BAGHDAD — At least eight Iraqis were killed Wednesday in the country’s northern Kurdistan region after Turkish artillery strikes hit a crowded tourist resort, officials said.
Videos from the scene of the attack showed a summertime idyll destroyed. Shortly before the strike, families had been gathered by a pool, taking a dip or resting in the dappled shade.
When the shelling began, screams filled the air beneath a canopy of vines. Parents grabbed their children and ran.
Turkey has been conducting military operations against the Kurdistan Workers’ Party, or PKK, in Iraq’s northern mountains for years. The group has fought a decades-long war for autonomy for Turkey’s ethnic Kurdish minority —
Wednesday’s strike on the Barakh resort area of Zakhu came as thousands of Iraqis took refuge from the summer heat in Kurdistan’s mountains. Many of the dead and wounded were from the country’s predominantly Arab federal region, where temperatures reached 122 degrees Fahrenheit (50 Celsius) this week.
In an interview broadcast by the Kurdish television network Rudaw, an eyewitness visiting from the capital, Baghdad, said tendrils of smoke had been visible farther up the mountain from the window of his tourist bus as he arrived in Barakh.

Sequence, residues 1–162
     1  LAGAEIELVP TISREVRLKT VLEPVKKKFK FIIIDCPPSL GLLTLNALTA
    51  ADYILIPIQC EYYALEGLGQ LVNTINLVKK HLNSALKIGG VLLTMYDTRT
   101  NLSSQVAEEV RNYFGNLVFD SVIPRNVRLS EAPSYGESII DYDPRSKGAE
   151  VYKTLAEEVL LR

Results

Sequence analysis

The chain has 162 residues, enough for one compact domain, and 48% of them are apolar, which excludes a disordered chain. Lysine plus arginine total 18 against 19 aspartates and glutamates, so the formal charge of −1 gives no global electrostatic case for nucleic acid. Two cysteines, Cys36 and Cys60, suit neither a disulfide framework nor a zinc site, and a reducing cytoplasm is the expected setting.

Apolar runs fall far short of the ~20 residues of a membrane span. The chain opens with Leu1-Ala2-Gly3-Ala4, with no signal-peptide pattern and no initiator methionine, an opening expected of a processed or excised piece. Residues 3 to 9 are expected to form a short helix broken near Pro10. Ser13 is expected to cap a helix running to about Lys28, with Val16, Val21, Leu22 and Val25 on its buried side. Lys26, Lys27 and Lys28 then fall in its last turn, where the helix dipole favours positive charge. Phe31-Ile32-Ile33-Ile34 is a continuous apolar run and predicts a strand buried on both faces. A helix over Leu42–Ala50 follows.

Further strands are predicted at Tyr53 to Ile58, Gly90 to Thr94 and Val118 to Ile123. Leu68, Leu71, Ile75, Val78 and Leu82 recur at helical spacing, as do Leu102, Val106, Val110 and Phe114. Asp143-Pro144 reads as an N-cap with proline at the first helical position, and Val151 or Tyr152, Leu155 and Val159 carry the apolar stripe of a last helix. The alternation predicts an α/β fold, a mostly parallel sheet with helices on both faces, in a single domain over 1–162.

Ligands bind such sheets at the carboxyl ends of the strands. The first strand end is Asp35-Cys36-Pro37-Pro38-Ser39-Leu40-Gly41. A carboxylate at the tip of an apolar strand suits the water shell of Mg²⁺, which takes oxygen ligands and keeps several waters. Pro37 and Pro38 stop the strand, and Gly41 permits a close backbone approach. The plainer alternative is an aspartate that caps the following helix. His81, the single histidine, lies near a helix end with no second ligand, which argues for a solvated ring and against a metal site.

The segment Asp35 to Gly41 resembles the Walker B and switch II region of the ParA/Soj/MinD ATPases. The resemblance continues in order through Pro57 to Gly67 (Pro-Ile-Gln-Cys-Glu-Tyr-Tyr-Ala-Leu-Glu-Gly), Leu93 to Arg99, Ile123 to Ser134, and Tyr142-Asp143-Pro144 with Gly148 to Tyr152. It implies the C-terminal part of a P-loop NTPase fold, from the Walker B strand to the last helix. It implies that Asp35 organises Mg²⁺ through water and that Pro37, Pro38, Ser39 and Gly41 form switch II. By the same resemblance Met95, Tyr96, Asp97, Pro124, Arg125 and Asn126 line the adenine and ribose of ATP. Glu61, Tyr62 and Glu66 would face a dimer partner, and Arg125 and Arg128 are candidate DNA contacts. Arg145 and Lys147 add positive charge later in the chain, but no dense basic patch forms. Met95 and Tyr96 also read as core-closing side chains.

“We asked our tour guide, but they said it was normal,” he said. About 15 minutes later, four or five strikes landed amid the gathered families, he said. A young boy’s hand was severed. An old man lost two daughters. In addition to the eight dead, at least 28 people were wounded.
Turkey, where millions of Kurds live in the southeastern part of the country bordering Iraq and Syria, has spent decades fighting a low-level war with the PKK, leaving tens of thousands dead.
The militants have operated in Iraq’s Kurdistan region for decades, and have historically been viewed as a political and security threat by the area’s ruling Kurdish parties. But in practice, neither has the capacity to oust them. Turkey has instead been allowed to operate dozens of military bases inside Iraq from which to target the group.
In a statement Wednesday, the Kurdistan region’s Council of Ministers condemned the strike and urged Iraq’s federal government, based in Baghdad, and the international community to do more to prevent attacks.
For its part, the United Nations condemned the attack and urged an investigation, but it did not mention Turkey in its statement. The U.S. State Department said it was monitoring the situation.
As night fell, dozens of protesters were gathered in protest outside the Turkish Embassy in Baghdad. Condemnations were scrawled in spray paint across Turkish bureaucratic offices in several of Iraq’s southern cities. On social media, a trending hashtag referenced a quotation from Saddam Hussein that likened Turkey, unfavorably, to one of Iraq’s other powerful neighbors, Iran.